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Personalize your RSS article’s styles

Important: This functionality is only available for content sections that have been configured to prefer rendering of articles directly from the feed.

To customize the presentation of your RSS articles in Google News, you can use article templates or CSS options available in Publisher Center.

Customize your articles using CSS

As a publisher, you can use the Article style function to customize the presentation of your RSS articles. To begin the process, follow these steps:

  1. Sign in to Publisher Center.
  2. Select your publication.
  3. Click Google News.
  4. Click Feed articles.
  5. In the CSS input box for your edition, enter the CSS.
  6. To save and preview your changes, click Save and preview.
  7. After you save your CSS, the preview panel on the right displays your style changes.
    • Tip: You can preview your saved styles with the Google News Designer Mode on Android or iOS devices. It might take up to a minute for your style changes to appear in the Designer Mode.
  8. To make the CSS style publicly visible, click Publish.
    • The newly published style reflects in Google News within 2 hours.

Google News HTML

Google News doesn’t serve the exact HTML that publishers use in their feed. When Google News adds publisher-generated articles to its library and turns them into data that its clients can read, it can’t distinguish between certain tags. As a result, Google News will report a syntax error if you style 2 different tags that turn into the same tag. For example, adding styles to both <div> and <p> tags generates a syntax error.

Below are some of the changes that Google News makes to publisher-generated article HTML:

Publisher tag Google News tag
<div> <p>
<em> <i>
<strong> <b>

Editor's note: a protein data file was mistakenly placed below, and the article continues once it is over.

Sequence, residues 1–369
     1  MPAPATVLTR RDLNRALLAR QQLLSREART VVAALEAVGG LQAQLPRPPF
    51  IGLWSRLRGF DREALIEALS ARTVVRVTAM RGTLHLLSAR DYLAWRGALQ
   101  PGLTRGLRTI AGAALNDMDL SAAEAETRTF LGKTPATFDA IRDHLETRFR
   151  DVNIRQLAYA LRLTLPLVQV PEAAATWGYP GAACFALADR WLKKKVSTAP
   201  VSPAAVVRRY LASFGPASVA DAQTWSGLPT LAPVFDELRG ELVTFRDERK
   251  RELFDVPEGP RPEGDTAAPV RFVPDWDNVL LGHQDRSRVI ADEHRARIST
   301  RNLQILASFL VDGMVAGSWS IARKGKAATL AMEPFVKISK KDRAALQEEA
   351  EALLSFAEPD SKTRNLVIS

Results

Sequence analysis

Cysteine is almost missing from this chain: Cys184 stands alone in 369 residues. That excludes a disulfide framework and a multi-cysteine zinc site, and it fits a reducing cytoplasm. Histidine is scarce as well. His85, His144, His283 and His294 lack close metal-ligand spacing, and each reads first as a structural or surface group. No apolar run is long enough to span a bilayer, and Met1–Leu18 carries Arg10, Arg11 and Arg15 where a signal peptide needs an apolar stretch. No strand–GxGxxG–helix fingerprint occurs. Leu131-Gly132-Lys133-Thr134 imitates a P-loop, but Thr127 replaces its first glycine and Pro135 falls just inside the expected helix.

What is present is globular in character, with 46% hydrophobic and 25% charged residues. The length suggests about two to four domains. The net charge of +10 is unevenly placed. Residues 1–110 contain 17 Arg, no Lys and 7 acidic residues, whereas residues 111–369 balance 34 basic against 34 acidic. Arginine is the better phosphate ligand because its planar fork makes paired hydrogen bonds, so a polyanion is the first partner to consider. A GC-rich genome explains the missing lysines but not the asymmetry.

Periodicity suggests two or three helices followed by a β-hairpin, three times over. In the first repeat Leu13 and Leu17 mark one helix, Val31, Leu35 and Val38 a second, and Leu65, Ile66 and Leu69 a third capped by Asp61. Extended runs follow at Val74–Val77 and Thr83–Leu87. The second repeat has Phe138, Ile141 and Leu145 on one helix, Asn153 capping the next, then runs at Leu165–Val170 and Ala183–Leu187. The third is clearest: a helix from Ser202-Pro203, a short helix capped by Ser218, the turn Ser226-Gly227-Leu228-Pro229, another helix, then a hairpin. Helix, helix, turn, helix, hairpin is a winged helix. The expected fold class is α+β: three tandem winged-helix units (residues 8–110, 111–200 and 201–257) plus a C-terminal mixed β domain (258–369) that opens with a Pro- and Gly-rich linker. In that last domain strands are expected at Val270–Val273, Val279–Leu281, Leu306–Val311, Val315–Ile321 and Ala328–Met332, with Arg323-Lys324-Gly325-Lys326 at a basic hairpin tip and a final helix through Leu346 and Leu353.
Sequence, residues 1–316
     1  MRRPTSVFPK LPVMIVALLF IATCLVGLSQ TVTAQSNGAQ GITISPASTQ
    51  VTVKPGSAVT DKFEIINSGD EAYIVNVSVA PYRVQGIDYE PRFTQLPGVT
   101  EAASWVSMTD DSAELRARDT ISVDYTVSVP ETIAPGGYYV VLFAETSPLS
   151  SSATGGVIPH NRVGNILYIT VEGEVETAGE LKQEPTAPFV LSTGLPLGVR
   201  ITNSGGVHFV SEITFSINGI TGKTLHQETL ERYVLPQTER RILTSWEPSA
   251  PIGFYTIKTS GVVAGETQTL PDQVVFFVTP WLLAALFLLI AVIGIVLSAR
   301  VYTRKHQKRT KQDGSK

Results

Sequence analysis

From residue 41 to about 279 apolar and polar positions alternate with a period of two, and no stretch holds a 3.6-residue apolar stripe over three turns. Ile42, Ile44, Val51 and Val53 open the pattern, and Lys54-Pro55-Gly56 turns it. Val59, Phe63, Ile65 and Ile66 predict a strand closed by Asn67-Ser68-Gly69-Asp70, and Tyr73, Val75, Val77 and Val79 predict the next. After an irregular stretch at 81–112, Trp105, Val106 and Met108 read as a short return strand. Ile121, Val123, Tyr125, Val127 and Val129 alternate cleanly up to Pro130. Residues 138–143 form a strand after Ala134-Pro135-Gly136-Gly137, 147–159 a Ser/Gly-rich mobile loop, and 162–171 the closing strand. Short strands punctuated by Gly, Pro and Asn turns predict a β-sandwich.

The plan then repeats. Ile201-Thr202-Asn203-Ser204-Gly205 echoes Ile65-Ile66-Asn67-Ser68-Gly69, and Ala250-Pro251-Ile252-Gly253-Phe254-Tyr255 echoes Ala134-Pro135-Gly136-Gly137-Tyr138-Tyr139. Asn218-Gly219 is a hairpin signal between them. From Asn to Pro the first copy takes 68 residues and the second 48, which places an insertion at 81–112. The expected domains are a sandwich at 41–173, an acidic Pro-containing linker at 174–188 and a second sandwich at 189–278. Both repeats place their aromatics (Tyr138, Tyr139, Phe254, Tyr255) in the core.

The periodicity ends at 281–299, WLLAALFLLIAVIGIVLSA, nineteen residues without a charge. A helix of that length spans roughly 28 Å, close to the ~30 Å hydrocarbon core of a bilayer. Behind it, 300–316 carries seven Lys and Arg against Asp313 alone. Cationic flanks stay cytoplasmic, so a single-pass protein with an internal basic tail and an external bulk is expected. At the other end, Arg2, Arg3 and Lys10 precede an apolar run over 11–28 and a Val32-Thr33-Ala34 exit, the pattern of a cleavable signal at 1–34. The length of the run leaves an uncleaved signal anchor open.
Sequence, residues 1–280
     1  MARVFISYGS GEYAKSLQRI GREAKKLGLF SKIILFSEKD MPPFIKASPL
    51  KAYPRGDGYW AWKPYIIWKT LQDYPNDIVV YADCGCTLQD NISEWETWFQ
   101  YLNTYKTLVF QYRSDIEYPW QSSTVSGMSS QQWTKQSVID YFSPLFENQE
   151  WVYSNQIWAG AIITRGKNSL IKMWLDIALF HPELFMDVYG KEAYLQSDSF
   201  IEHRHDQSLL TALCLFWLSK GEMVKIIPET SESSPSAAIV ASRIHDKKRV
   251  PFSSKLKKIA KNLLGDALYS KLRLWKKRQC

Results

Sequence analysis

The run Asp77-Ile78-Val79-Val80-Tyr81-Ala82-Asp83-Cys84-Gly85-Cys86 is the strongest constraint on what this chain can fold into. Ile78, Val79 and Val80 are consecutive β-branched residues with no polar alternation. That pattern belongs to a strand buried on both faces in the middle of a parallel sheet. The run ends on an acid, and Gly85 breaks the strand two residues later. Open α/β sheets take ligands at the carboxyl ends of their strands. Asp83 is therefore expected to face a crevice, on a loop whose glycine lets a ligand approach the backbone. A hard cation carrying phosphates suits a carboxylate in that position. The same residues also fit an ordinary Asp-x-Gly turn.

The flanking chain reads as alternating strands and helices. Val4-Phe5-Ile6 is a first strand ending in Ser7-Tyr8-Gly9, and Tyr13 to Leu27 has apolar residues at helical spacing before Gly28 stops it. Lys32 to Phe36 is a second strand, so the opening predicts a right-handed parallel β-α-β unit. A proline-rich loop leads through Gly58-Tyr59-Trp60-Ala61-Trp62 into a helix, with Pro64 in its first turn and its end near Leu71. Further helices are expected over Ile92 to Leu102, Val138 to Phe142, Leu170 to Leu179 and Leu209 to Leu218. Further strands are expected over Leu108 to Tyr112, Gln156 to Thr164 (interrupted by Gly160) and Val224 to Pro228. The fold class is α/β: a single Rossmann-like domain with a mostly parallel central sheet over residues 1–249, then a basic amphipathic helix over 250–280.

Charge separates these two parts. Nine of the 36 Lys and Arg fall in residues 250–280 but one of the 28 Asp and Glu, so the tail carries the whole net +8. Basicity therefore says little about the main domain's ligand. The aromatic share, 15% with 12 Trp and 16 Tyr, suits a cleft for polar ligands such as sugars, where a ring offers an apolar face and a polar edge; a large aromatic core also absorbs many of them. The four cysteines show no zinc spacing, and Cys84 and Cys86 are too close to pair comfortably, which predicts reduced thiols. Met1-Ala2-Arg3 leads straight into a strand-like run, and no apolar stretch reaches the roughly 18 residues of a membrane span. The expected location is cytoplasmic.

<small> <cite>
<strike> <s>
<del> <s>

Allowed element selectors

HTML elements

The Google News Publisher Center supports the following HTML tags:

  • <a>

  • <b> | <strong>

  • <blockquote>

  • <cite> | <small>

  • <del> | <s> | <strike>

  • <div> | <p>

  • <em> | <i>

  • <h1>

  • <h6>

  • <ol>

  • <q>

  • <sub>

  • <sup>

  • <u>

  • <ul>

Important: A ”|” between tags indicates that only one of the tags will be styled due to HTML element changes (see above).

Google News elements

In the Google News Publisher Center, you can use customized Google News elements to style your article. Review the available elements listed below:
Google News element Description Screenshot example
<ns-caption-copyright> Copyright for an image 1
<ns-caption> Caption text beneath an image 2
<ns-edition-name> The publication name header 3
<ns-author-timestamp> The author and time of publication header text 4
<ns-author-timestamp-separator> The dot between the author and the publication time 5
<ns-slideshow-copyright> Copyright beneath slides 6
<ns-slideshow-caption> Captions beneath slides 7
<ns-subtitle> Article subtitle 8
<ns-title> The title text for the news article 9
<ns-header-divider> The divider between the article title and author timestamp 10
<ns-logo> The logo at the top of the article 11

CSS style examples

You can style certain elements of your article in Google News by modifying the CSS as shown in the example below:

CSS Example

/* All links are red. */
a { color: #cc0000; }
/* All article text will be black, horizontally centered, and be on a white background. */
p {
color: #000000;
-ns-block-align: center;
/* Setting background-color on a 'p' tag will set the background of the entire article. */
background-color: #FFFFFF;
/* Font-settings in the 'p' tag become "default" styles overridden by styles rules on other tags. */